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Eritrea is a vast country with many remote villages. Without transport, a pregnant women may have to walk 30 kilometres to give birth safely at a health facility. This is why UNFPA, in partnership with the Government of Eritrea, has built 41 maternity waiting homes across the country to ensure that when women are ready to deliver, they are already close to a health facility. The homes provide them with access to medical care when they need it and ensure them of a place to stay prior to their delivery.

Eritrea is one of the few African countries to achieve the Millennium Development Goal of reducing maternal mortality by 45 per cent. Now the government aims to achieve the Sustainable Development Goal of fewer than 70 preventable maternal deaths per 100,000 live births by 2030.


A large portion of the Eritrean population lives in extremely rural parts of the country. Here, underage marriage and female genital mutilation are still practiced. Mothers are often forced to deliver their babies at home, risking complications such as obstetric fistula. This is a major injury following prolonged and obstructed delivery, leading to the constant leakage of urine and/or faeces through the vagina.

Fistula is prevalent in Eritrea, especially among girls who find themselves in a position of marriage and pregnancy before the age of 18 years. The Campaign to End Fistula started in Eritrea in 2003, with the support of UNFPA. Since then, more than 1,700 fistula repairs have been successfully conducted. Graduating doctors are also required to be able to perform emergency Caesarian sections to prevent fistula.

This video shows the difference UNFPA's intervention to surgically repair and socially reintegrate women suffering from fistula has had in their lives.


This is the story of Fatima, 6, who is about to undergo female genital mutilation in her village in Gash Bakar. Learn how UNFPA is fighting FGM in Eritrea, where it is widely practiced, with an overall prevalence of 83 per cent (Eritrean Population Health Survey, 2010). However, this is an improvement from 89 per cent in 2002. These achievements are the result of a collective approach to abandonment of the practice, which was outlawed in all forms in 2007.


The evidence is clear: When girls are given the power to make an informed choice about marriage, they marry later. Laws are an important first step, but programmes are also needed to empower girls with information about their rights and educate parents about the benefits of keeping their daughters in school.


As more and more women, girls, men and boys learn about FGM and its harm, opposition to the practice is growing. In the last two decades, the proportion of girls and women in high-prevalence countries who want the practice to stop has doubled.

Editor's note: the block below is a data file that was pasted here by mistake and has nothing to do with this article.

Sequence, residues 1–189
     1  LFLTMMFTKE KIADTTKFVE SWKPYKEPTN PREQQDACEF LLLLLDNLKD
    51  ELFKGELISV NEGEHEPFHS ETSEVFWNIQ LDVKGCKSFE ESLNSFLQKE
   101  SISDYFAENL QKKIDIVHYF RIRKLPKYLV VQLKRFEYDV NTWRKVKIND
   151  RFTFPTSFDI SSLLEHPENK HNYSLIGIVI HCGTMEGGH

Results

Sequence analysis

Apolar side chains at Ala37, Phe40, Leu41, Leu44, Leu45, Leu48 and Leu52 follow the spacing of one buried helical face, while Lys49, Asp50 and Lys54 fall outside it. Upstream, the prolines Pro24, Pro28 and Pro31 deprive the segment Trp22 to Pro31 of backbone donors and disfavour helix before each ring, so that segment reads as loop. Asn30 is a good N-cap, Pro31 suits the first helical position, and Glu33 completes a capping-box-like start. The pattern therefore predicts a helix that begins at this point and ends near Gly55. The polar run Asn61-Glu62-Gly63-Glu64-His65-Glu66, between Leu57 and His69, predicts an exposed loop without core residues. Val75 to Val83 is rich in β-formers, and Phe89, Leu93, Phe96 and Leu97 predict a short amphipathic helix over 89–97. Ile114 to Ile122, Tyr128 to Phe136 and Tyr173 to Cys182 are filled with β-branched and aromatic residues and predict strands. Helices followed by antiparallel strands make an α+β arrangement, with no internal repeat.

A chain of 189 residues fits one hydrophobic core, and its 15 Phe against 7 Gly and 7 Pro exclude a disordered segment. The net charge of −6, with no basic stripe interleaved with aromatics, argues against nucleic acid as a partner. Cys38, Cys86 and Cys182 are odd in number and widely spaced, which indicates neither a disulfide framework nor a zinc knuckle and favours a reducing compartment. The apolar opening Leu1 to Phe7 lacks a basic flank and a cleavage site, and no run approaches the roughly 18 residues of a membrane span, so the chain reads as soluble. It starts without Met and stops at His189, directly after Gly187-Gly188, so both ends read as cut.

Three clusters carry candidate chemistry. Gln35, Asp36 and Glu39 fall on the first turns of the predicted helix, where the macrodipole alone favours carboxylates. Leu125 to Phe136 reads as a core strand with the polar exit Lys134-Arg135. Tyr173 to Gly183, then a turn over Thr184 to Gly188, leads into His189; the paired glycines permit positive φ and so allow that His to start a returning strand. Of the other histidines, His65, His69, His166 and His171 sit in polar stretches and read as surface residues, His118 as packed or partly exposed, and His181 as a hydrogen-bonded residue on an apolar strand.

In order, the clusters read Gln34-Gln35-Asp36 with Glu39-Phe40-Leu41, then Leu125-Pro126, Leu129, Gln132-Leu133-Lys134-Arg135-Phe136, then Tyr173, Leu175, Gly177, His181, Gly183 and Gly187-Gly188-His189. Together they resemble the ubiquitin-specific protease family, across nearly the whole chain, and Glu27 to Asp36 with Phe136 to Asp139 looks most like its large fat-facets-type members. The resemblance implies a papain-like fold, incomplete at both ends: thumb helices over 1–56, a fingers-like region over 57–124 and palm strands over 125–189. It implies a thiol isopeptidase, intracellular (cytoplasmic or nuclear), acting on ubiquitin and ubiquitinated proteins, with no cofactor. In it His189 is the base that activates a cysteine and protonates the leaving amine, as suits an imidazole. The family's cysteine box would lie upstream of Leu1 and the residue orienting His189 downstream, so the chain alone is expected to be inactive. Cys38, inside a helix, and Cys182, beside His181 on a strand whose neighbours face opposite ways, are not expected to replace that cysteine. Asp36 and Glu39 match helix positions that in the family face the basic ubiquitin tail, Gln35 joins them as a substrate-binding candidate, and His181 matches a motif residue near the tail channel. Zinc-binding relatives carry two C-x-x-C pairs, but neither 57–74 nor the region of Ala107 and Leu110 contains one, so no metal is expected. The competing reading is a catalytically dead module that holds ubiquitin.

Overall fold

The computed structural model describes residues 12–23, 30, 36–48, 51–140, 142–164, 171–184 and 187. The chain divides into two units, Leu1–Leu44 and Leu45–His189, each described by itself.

Somalia-born Ifrah Ahmed campaigns to end female genital mutilation. Here she describes her fight to end this injustice against women and girls.


Around the world, girls are subjected to child marriage, female genital mutilation and son preference. They are denied their equality and their humanity. We have the tools to end these harmful practices. We have seen solutions that work. What we need now are the investments. And the will.


Dr. Catherine Hamlin, who passed away in March 2020, dedicated most of her  life to treating women and girls with fistula, focusing not only on the physical injury itself, but also on the scars created by stigma and discrimination. Her charitable organization, Hamlin Fistula Ethiopia, has brought hope and healing to women and girls, raised global awareness of fistula and spurred innovative efforts to end it.


The community of Itula, located in the lost valley of Shabunda, more than 3000 kilometres from the capital city Kinshasa, is no longer being left behind. It took the community 20 days to clear a section of forest and help create a helipad to deliver emergency reproductive health kits to the once isolated and deprived Itula Hospital. Deployed by UNFPA, the kits could not have come at a better time for Danielle, who gave birth safely that night. Watch the heart-warming story of this young woman and her community.


Watch this touching story of Congolese midwife Estelle Bahati, who commutes for three days and more than 360 kilometres to finally reach Itula on foot, in the Democratic Republic of the Congo. With support from UNFPA, the United Nations Population Fund, she brings hope and improvements to women and girls’ sexual and reproductive health, safe childbirth, family planning and gender-based violence prevention and response.


Dr. Julitta Onabanjo, Regional Director for UNFPA East and Southern Africa, discusses the role of midwives in integrated health services, at the International Conference of Midwives (ICM) Africa Regional Conference in Windhoek, Namibia, from 12-14 September 2019.